Jay Jay
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Re: Was: Where is everyone getting their bulk detergents from? Now: bulk yeast?

That's great! The jars, only 4 oz, are on the same shelf as the little packets. You scored with 2 pounds.
SAF comes in 16 oz "bricks" but the package looks like some sort of plastic laminate. They say it's enough for about 96 (!) loaves. Bulk of course works, maybe just buy a little bit at a time until you're sure its fresh.
I've seen recipes for bread without added yeast (i.e., sour dough) but have never seen the natural yeast you're describing. Interesting. My bread machine book's directions for sour dough are pretty lame; easier just doing it the "old fashioned" way. If the natural yeast requires a sponge, may not be worth using a machine.
Be interested to hear more!
Elizabeth Bednarcik Elizabeth Bednarcik
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In reply to this post by Cassie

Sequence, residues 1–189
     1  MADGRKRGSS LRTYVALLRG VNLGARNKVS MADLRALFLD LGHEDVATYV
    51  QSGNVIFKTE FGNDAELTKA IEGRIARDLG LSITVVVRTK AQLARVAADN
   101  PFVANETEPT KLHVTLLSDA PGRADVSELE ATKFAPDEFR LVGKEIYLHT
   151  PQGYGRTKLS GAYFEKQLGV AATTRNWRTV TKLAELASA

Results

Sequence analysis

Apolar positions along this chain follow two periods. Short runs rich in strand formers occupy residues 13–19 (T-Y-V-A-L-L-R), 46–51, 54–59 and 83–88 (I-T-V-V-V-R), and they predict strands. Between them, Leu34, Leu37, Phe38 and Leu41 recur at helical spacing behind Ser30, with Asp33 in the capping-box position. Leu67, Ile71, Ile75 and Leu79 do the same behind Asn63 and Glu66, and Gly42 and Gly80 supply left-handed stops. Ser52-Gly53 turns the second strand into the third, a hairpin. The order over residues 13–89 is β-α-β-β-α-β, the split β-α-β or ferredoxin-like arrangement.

Today I went to Whole Foods for the first time. It is not close to my house, about 40 minutes away actually. But we had to go to another store right near there so I told my husband I wanted to pop in to check it out. We were going to grab some bread, bananas, milk and some fish for dinner. I was totally surprised and happy with all the bulk items I found. I didn't know if all Whole Foods were like the one Bea mentions where you can take your own jars and fill up. Wow, they had so much stuff in bulk I was in heaven! I plan on buying all sorts of baking items there like my sugar, flower, etc. From what I did see, it was very expensive. My husband was loving all the good foods too and told me I needed to get a better job if I planned on shopping there. That was the depressing part. My husband and I work in the public service fields, and we don't make a lot of money. However, I want to shop and eat this way. We have been cleaning out waste in our home and are very excited to work towards less waste, simple and healthier living. We are already on a very, very tight food budget so I just don't know how I am going to swing this. The milk prices made my jaw drop. I love organic and this was even more than I was use too in price!